- Who decides and regulates monetisation, ownership, and data rights? How is value defined (including price), and by whom?
- Are current authorities and mechanisms sufficient to change the power asymmetry?
- Purpose of data gathering/use determines the approach to protection/regulation.
These insights show the breadth of the issue and the need for proper deliberation. After collecting insights about the broader issue, the task force aimed to define the problem in a new way2. The team found that the initial problem statement3 did not clearly define the parameters on which conclusions could be reached. To better scope the parameters, a workshop was organised together with MyData Global board members in late April 2022. The result of the workshop was an orientation and guiding framework (see below) for further deliberation.
Insights and recommendations for the future
Recommendation 1: Describe and scope the issue of personal data monetisation and its implications in the context of fairness, sustainability, and prosperity.
Data is monetised in very different forms. For example, Gartner distinguishes between “external or direct” and “internal or indirect” monetisation. The former refers to methods that “include data sharing to gain beneficial terms or conditions from business partners, information bartering, selling data outright (via a data broker or independently), or offering information products and services (for example, including information as a value-added component of an existing offering).” The latter refers to use of data “to make measurable business performance improvements and inform decisions”.
Whilst MyData promotes the ethical use of data for improving services and delivering value for individuals, communities, and organisations, the questions around direct monetisation remain unanswered.
MyData’s central postulation is that a human-centric approach to personal data will lead to a more just, sustainable, and prosperous digital society. Hence, these three values can serve as a guiding framework to make sense of issues such as personal data monetisation. The aim is not to strictly define the issue, but rather to describe it in the context of these guiding values.
Following this guiding frame, personal data monetisation can be described, and its implications tested, on the MyData vision. Furthermore, as data monetisation relates to and affects stakeholders in different ways, it is important to base any general conclusion on these different experiences. The following examples can serve as the basis for understanding and scoping the issue of data monetisation for further discussion.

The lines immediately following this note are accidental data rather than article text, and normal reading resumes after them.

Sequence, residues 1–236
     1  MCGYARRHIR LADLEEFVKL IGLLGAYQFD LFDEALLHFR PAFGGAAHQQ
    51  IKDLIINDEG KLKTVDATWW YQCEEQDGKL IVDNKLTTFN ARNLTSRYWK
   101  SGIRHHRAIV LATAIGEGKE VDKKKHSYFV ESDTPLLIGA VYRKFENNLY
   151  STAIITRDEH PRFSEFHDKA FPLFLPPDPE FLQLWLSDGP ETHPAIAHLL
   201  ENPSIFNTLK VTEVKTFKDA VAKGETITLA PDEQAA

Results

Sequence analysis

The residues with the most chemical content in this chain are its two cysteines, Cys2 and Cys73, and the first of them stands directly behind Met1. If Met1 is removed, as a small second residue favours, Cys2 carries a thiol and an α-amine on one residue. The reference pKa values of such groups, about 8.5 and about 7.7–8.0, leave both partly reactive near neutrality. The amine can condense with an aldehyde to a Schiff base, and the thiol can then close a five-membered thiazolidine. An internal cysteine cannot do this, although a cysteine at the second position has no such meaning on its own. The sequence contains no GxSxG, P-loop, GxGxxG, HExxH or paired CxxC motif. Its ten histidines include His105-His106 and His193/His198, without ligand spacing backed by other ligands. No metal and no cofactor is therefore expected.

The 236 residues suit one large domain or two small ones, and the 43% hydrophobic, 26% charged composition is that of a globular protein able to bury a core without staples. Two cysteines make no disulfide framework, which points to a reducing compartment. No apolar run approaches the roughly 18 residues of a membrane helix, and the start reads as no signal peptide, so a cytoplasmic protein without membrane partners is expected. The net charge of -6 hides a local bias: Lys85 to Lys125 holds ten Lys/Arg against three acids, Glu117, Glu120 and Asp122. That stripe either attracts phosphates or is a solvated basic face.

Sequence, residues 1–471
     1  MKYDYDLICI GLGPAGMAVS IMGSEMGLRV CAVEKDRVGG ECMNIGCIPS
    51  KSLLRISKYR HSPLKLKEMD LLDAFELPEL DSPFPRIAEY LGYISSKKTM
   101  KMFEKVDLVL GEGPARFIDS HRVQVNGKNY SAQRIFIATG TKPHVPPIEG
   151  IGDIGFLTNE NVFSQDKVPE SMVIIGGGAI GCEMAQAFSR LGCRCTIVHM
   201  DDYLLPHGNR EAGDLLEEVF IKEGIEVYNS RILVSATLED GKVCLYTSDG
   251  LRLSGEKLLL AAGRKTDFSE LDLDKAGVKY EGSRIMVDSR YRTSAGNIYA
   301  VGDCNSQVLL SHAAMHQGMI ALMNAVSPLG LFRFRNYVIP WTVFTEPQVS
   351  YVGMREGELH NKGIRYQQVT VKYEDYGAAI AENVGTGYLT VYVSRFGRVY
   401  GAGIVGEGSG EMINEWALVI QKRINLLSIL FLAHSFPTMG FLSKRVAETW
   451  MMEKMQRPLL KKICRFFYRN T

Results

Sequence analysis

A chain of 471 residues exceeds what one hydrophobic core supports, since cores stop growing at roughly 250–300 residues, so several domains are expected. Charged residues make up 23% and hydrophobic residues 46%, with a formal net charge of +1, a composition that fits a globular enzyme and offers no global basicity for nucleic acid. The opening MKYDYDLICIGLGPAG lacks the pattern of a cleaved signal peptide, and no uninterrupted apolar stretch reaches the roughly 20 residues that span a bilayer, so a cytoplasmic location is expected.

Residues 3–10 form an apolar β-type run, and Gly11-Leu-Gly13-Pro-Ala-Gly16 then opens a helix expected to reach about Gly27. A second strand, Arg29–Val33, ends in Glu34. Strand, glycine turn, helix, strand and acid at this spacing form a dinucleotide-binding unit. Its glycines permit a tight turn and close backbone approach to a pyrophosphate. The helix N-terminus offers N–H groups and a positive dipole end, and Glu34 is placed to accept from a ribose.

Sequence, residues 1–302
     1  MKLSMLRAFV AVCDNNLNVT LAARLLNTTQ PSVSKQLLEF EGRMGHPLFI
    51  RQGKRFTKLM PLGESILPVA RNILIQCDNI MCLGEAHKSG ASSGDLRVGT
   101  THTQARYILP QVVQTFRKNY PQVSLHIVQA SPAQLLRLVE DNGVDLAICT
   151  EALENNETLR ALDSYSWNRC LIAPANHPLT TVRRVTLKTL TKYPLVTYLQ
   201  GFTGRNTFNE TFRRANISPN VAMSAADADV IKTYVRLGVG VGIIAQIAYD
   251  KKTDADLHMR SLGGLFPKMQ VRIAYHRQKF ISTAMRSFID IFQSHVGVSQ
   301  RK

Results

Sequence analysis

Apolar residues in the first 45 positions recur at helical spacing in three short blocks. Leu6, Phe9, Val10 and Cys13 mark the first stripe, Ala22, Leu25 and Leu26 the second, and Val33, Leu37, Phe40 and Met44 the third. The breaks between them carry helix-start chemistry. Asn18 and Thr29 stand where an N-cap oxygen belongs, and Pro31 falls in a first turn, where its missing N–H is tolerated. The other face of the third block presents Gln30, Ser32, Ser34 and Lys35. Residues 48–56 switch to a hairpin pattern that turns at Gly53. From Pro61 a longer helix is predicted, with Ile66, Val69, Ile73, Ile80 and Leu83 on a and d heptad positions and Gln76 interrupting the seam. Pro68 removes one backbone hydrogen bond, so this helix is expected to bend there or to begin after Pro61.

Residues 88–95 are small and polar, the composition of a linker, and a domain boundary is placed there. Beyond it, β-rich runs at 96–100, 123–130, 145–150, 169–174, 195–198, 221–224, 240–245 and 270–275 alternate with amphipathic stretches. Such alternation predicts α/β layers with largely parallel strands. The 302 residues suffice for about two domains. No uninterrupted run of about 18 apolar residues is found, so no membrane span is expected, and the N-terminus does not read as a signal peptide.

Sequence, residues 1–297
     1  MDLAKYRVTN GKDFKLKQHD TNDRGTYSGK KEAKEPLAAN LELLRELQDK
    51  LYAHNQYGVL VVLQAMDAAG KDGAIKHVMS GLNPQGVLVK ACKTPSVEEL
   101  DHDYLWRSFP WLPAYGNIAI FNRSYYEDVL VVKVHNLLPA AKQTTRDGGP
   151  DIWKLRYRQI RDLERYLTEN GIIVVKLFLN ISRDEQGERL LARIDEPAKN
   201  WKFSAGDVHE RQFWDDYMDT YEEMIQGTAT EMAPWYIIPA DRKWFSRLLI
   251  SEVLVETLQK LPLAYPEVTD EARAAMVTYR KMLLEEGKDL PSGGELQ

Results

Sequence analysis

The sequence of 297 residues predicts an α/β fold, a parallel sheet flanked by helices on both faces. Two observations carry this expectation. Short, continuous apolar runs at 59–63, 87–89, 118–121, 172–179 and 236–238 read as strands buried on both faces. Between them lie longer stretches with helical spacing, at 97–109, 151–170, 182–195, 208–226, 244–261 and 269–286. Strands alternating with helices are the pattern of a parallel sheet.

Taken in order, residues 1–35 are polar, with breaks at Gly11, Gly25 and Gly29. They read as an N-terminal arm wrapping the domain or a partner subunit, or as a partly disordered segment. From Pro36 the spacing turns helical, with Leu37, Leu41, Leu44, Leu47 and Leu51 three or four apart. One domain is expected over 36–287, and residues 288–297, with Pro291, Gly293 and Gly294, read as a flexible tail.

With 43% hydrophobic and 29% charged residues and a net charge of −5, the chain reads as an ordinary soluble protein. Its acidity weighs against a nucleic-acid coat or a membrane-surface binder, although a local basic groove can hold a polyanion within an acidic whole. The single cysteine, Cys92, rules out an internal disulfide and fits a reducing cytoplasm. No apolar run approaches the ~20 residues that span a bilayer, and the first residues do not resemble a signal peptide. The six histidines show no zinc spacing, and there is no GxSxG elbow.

Recommendation 2: Explore concrete use cases from around the world, where different models of data monetisation may have benefited individuals, organisations, or society as a whole, or may have caused harm to them instead.
Discussions around data can often become theoretical and somewhat abstract. Yet, the effort around taking a stance is not only a philosophical endeavour: it has practical implications for the crystallisation of the human-centric approach to personal data; the MyData community’s internal alignment; and MyData Global’s strategy as an organisation. It is also important to consider the cultural and socioeconomic context of these issues. The notion of individuals “having control” and “benefitting from data” can be understood and valued differently around the world. Because of this, it is essential to look at practical use cases.
Call to action: Share your insights and reflections in the #data-monetisation Slack channel.
Finding answers to questions around personal data monetisation, and agreeing on these widely, is an endeavour that depends on acknowledging the diverse opinions and expertise from across business, legal, technology, and societal perspectives from all around the world. Join the #data-monetisation channel in the MyData’s Slack workspace and contribute with your insights to the topic.
This post was written by the data monetisation task force at MyData Global, whose members were Sille Sepp (Deputy general manager, MyData Global), Chris Lee (board member, MyData Global), and Jay Sharma (MyData community member and representative). We would like to thank all attendees of the Amsterdam community meeting workshop, contributors to the Kialo discussion board, discussants in the #data-monetisation Slack channel, and the board members who attended a monetisation workshop to describe the guiding frame.
1. The task force responsible for designing and facilitating the deliberation process was active from November 2021 to June 2022.
2. The task force’s work was inspired by the Double Diamond method.
3. The initial problem statement was described in the Terms of Reference for the Data monetisation task force.
4. Get access to Slack at https://mydata.org/slack